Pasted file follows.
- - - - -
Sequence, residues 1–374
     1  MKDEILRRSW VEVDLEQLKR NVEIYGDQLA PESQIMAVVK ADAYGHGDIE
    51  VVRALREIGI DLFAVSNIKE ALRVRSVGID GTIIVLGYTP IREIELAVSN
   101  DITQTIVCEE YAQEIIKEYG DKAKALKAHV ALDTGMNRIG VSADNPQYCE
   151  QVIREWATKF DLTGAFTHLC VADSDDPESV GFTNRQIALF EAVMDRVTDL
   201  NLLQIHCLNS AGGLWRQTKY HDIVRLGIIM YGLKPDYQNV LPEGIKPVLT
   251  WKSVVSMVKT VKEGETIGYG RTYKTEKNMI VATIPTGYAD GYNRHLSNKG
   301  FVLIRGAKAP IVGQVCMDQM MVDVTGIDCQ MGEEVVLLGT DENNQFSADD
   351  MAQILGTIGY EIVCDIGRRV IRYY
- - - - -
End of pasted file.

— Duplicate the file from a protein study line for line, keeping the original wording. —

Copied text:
Sequence, residues 1–374
     1  MKDEILRRSW VEVDLEQLKR NVEIYGDQLA PESQIMAVVK ADAYGHGDIE
    51  VVRALREIGI DLFAVSNIKE ALRVRSVGID GTIIVLGYTP IREIELAVSN
   101  DITQTIVCEE YAQEIIKEYG DKAKALKAHV ALDTGMNRIG VSADNPQYCE
   151  QVIREWATKF DLTGAFTHLC VADSDDPESV GFTNRQIALF EAVMDRVTDL
   201  NLLQIHCLNS AGGLWRQTKY HDIVRLGIIM YGLKPDYQNV LPEGIKPVLT
   251  WKSVVSMVKT VKEGETIGYG RTYKTEKNMI VATIPTGYAD GYNRHLSNKG
   301  FVLIRGAKAP IVGQVCMDQM MVDVTGIDCQ MGEEVVLLGT DENNQFSADD
   351  MAQILGTIGY EIVCDIGRRV IRYY